Slightly edited followups by the original posters to the above response:

- NOAA person: Where the concept is relevant (with an enormous number of caveats, yes) is to answer the fundamental question, will TC interaction with baroclinicity, induce transition to a growing or stable baroclinic system (often observed) or will the TC perturbation just damp out (also often observed) with a theoretically expected but hard to actually point out, increase in baroclinic available potential energy for some future perturbation to extract. I think it is a tractable forecast and theoretical modeling problem, again with the caveats mentioned.
Casually plugging this into a program without understanding the concepts is worrisome, also agreed. Thanks everyone for the response!

- University student: Thank you. As mentioned, casually using the function without completely understanding what it was intended for and whether it is applicable, would mislead interpretations. That is exactly what I wanted to avoid. The above emails have certainly pointed me in a direction where I can learn more about the topic and its applicability to the problem I am trying to address.

Additional references:

The very last part of the following discusses the "shortcomings" of simple baroclinic models.http://www.atmosp.physics.utoronto.ca/~isla/8_baroclinic.pdfhttp://kestrel.nmt.edu/~raymond/classes/ph589/notes/baroclinic/baroclinic.pdf

**NOTE:** About 5 years prior to the release of this function,
Carl Schreck [ North Carolina Institute for Climate Studies ] developed an NCL script that calculates the Eady growth rate.
It is **here**

## See Also

**coriolis_param**,
**brunt_vaisala_atm**,
**pot_temp**,
**rigrad_bruntv_atm**,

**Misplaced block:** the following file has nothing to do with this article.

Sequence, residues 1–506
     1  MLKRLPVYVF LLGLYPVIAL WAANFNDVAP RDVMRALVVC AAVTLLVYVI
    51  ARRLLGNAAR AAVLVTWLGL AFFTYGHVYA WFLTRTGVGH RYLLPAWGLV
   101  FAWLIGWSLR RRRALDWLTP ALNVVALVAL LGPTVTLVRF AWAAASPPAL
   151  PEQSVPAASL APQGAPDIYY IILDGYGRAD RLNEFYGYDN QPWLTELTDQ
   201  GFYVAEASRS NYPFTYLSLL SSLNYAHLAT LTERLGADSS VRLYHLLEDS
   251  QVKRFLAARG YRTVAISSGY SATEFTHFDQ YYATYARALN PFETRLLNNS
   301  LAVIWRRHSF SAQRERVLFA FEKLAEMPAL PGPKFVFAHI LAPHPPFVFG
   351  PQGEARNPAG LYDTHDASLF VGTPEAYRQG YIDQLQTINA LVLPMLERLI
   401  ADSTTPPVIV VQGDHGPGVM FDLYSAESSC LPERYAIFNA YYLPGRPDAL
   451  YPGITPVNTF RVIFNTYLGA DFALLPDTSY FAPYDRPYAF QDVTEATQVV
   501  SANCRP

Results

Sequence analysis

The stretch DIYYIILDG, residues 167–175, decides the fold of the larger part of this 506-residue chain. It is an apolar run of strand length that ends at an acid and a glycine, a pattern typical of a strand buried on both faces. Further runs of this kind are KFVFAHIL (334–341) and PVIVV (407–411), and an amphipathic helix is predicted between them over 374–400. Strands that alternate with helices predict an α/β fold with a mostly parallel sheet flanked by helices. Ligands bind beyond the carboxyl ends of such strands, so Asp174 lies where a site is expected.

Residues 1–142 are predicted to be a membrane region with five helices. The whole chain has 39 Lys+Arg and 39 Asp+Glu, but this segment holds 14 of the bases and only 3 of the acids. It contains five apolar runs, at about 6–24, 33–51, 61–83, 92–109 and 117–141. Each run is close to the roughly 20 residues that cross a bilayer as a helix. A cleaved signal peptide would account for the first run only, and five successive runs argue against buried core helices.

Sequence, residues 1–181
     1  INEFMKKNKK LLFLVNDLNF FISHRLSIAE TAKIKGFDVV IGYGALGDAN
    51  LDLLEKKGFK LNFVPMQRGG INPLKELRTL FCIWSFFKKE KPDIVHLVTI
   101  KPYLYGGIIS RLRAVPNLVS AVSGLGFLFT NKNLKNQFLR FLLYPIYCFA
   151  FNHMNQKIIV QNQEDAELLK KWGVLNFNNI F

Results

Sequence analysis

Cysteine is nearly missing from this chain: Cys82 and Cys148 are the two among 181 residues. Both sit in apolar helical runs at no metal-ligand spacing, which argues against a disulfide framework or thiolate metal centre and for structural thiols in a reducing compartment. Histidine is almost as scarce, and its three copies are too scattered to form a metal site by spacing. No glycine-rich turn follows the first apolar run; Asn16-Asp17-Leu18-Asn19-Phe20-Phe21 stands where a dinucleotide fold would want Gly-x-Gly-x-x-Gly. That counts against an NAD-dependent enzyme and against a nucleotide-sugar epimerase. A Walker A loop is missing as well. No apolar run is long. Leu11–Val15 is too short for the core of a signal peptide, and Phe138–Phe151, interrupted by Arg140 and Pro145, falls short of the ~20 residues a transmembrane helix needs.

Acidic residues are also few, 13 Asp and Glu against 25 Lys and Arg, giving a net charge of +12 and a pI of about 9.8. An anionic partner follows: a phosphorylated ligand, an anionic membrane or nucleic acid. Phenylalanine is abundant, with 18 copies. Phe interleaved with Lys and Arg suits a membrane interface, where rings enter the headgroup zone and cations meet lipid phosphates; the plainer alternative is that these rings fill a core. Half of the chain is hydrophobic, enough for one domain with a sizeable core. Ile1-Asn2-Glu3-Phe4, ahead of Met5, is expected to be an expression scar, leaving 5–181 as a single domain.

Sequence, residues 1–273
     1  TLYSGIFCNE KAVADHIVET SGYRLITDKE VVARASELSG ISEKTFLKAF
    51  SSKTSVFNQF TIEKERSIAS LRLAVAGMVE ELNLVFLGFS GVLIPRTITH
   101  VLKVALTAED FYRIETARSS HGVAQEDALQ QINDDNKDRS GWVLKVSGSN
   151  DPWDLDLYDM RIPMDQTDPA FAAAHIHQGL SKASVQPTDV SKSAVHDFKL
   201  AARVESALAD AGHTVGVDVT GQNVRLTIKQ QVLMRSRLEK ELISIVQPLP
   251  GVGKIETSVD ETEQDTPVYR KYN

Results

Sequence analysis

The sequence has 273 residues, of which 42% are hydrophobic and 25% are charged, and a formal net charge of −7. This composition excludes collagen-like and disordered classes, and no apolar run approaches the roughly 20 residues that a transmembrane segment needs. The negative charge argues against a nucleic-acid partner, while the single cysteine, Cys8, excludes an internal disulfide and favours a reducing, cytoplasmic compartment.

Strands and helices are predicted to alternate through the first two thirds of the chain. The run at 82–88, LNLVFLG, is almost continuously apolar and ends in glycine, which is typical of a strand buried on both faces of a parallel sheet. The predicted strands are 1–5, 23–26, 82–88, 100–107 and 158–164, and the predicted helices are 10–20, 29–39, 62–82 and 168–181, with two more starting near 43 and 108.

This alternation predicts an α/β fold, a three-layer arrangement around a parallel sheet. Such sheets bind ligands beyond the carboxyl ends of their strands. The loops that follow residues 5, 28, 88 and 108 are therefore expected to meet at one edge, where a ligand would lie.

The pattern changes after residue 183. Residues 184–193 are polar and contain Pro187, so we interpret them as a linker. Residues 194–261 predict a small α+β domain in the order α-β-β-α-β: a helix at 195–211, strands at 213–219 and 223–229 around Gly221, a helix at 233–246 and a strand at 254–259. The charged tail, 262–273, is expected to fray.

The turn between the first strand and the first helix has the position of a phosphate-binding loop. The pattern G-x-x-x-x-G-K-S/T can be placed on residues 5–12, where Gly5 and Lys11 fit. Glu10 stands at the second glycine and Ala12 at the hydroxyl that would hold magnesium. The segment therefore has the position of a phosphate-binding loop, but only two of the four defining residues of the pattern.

**static_stability**

## Examples

**Example 1**: Read data from a WRF file and calculate assorted quantities.

;---------------------------------------------------------- ; WRF DATA ;---------------------------------------------------------- a =The (edited) output is:addfile("wrfout_d01_2013-05-17_12","r") ;[Time|1]x[bottom_top|40]x[south_north|324]x[west_east|414] ; 0 1 2 3 th =wrf_user_getvar(a,"theta",-1) ; potential temperature (degK) z =wrf_user_getvar(a,"z",-1) ; model height ua =wrf_user_getvar(a,"ua" ,-1) ; u at mass grid points ;--- Read latitudes ; The 'eady_growth_rate' function requires that 'lat' and 'th' agree ; Use 'conform' the propogate the lat values xlat = a->XLAT ; [Time|1]x[south_north|324]x[west_east|414]printVarSummary(xlat) XLAT =conform(th, xlat, (/0,2,3/)) ; (1,40,324,414) egr =eady_growth_rate(th, ua, z, XLAT, 0, 1)printVarSummary(egr)printMinMax(egr, 0) ; print all vertical values at an arbitrarily chosen grid point nt = 0 ; print 1st time step ix = 20 ; arbitrary jy = 21 pr =wrf_user_getvar(a,"pressure" ,-1) ; for printingsprint("%7.1f" , pr(nt,:,jy,ix)) \ + sprintf("%7.1f" , z(nt,:,jy,ix)) \ + sprintf("%15.5e", egr(nt,:,jy,ix)) \ + sprintf("%7.2f", egr(nt,:,jy,ix)*86400) )

Variable: egr Type: float Total Size: 20925216 bytes 5231304 values Number of Dimensions: 4 Dimensions and sizes: [Time | 1] x [bottom_top | 39] x [south_north | 324] x [west_east | 414] Coordinates: Number Of Attributes: 3 _FillValue : 1e+20 long_name : maximum eady growth rate units : (0) maximum eady growth rate: min=6.5775e-13 max=0.00406928 P Z EGR (1/s) EGR (1/day) (0) 1009.1 29.2 -6.51605e-06 -0.56 (1) 1001.0 99.1 -4.83609e-06 -0.42 (2) 990.3 192.9 -2.27035e-06 -0.20 (3) 976.8 313.0 -9.32204e-07 -0.08 (4) 960.0 463.0 3.49967e-06 0.30 (5) 939.6 647.4 1.24992e-05 1.08 (6) 915.3 872.0 1.05712e-05 0.91 (7) 886.7 1142.9 2.63051e-06 0.23 (8) 853.8 1463.4 3.39886e-06 0.29 (9) 817.2 1835.1 4.34887e-06 0.38 (10) 777.3 2258.8 2.34866e-06 0.20 (11) 734.6 2733.7 5.76828e-07 0.05 (12) 689.6 3259.3 3.18521e-06 0.28 (13) 642.9 3835.0 4.51157e-06 0.39 (14) 596.3 4442.5 2.02051e-06 0.17 (15) 552.0 5057.9 9.44995e-07 0.08 (16) 510.4 5674.7 1.08149e-06 0.09 (17) 471.4 6292.0 5.79138e-06 0.50 (18) 434.8 6907.9 1.05950e-05 0.92 (19) 400.5 7523.3 5.64395e-06 0.49 (20) 368.4 8139.1 3.27011e-07 0.03 (21) 338.4 8755.4 8.26907e-07 0.07 (22) 310.3 9372.1 3.56708e-06 0.31 (23) 284.1 9988.7 7.66039e-06 0.66 (24) 259.7 10606.4 1.39343e-05 1.20 (25) 236.9 11225.7 1.61388e-05 1.39 (26) 215.7 11845.9 1.17152e-05 1.01 (27) 195.9 12465.8 4.51332e-06 0.39 (28) 177.6 13085.9 5.23316e-06 0.45 (29) 160.6 13707.9 1.15163e-05 1.00 (30) 144.8 14335.0 7.09510e-06 0.61 (31) 130.2 14971.9 5.89672e-06 0.51 (32) 116.7 15621.2 6.78411e-06 0.59 (33) 104.3 16288.0 4.65560e-06 0.40 (34) 92.8 16976.2 4.16494e-06 0.36 (35) 82.2 17686.4 4.20652e-06 0.36 (36) 72.6 18420.1 2.95023e-06 0.25 (37) 63.7 19185.4 2.68033e-06 0.23 (38) 54.7 20094.5 3.04996e-06 0.26